Summary: Lessons from the Messianic Psalms

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This is a Messianic Psalm – a Psalm of Incarnation. And I prefer to call it the Psalm of Obedience.

Key Verse– [v 8]. “I delight to do Thy will O My God”.

I believe this verse is key not just because of its Messianic content but also because of its Divine intent. There is a relevant message in it for you and me.

That is why I wish to title the sermon – “I delight to do Thy will O My God”.

And my pray is that at the end of today our hearts’ desire and the whole purpose of our lives would be to, “delight to do Thy will O My God”.

1. Superscription

The superscription tells us that this Psalm is a Psalm of David written to the Choir Director. Hebrew Bibles include this superscription as the first verse of the Psalm suggesting that it is part of the inspired text.

If so, this is then an autobiographical but inspired song – and based on V.3, the chorus of which might go something like

This is my story; This is my song.

2. Theme of the Psalm

[Vv. 7-8]. The theme of the Psalm is Perfect Obedience

3. Three Parts

The Psalm can be divided into three parts:

1. [Vv. 1-5] Rescue from the Miry Pit.

David talks about his rescue.

2. [Vv. 6-10] Response with a Messianic Promise.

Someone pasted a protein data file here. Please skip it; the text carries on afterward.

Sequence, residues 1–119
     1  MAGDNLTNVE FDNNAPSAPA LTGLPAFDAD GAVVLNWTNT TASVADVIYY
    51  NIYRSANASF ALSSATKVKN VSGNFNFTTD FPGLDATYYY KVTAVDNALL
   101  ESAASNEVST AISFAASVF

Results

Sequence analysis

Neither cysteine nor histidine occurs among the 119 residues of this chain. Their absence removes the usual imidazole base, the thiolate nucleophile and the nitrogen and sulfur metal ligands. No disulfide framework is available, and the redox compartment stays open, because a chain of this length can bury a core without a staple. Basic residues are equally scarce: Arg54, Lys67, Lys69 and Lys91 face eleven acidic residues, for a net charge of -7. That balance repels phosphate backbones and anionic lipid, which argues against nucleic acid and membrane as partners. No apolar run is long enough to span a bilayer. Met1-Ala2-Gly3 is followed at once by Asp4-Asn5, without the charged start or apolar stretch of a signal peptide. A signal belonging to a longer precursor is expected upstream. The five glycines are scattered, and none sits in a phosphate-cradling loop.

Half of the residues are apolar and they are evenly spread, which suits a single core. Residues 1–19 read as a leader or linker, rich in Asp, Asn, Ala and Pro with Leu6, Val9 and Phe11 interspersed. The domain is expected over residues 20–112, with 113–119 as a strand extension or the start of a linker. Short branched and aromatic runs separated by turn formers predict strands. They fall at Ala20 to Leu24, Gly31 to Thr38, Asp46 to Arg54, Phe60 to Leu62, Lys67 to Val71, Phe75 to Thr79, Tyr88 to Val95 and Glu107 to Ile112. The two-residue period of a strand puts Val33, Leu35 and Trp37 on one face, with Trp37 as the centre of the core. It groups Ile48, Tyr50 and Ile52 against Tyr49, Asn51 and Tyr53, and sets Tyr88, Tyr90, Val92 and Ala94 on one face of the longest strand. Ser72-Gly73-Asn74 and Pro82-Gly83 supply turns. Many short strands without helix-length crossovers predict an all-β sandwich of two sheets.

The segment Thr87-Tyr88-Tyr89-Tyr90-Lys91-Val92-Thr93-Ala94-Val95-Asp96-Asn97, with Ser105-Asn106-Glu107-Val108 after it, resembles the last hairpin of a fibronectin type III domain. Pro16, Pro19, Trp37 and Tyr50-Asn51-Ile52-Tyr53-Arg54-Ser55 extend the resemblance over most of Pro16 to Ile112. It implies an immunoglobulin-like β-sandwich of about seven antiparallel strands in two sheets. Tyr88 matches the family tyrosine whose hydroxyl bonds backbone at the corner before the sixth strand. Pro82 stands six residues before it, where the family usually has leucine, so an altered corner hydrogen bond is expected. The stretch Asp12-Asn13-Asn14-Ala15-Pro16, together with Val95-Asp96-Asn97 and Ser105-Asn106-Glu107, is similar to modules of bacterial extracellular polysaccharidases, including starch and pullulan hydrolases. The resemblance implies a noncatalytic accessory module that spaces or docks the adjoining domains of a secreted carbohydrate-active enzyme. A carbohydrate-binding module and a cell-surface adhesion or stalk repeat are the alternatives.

God reveals for a mere glimpse the underlay of His plan. [Just like Superman tears his shirt to reveal the outfit].

3. [Vv. 11-17] Reminder of the Mindful Provision.

David completes the Psalm with the hope of a future rescue.

4. Three Tenses

The Psalm is written to us in three tenses.

• Past Tense: [Vv.1-5]. Praise of what the LORD has done

• Present Tense: [Vv. 6-10]. Joy of what the LORD expects

• Future Tense: [Vv.11-17]. Promise of what the LORD will do

5. Five sided-Gem

We have been looking at these Psalms as a diamond with many facets.

Based on the five angles covered we can call this Psalm by any of these five names

1. Psalm of Patience

2. Psalm about the Pit

3. Psalm of Praise

4. Psalm of Promise, or

5. Psalm of Perfect Obedience

I. Psalm about Patience:

The Psalm begins with “I waited patiently for the LORD”.

In Hebrew v.1 goes: “Qavah, qavah, Yehovah….” Or

• “Waiting, I waited.” Or

• “Patiently I was patient”.

Or as some versions go:

• “Patiently I waited”

It is interesting that the word for ‘Patience’ in the Bible is interchangeable with ‘longsuffering’…

• “I was suffering a long time while I waited for the LORD”.

1. Waiting seems to be the norm.

We all wait at some level or the other.

Some desperately, some wearily.

For some of us the wait for certain things has been many years.

We even use the expression,

• “I have suffered enough”, or

• “I have suffered all my life”.

However, I hope is that in this waiting we can say with the Psalmist,

“I have with long suffering waited for the LORD”.

David had learned the habit of waiting on the LORD.

Other Psalmist [unknown] join in in Psalm 130, also in other places too.

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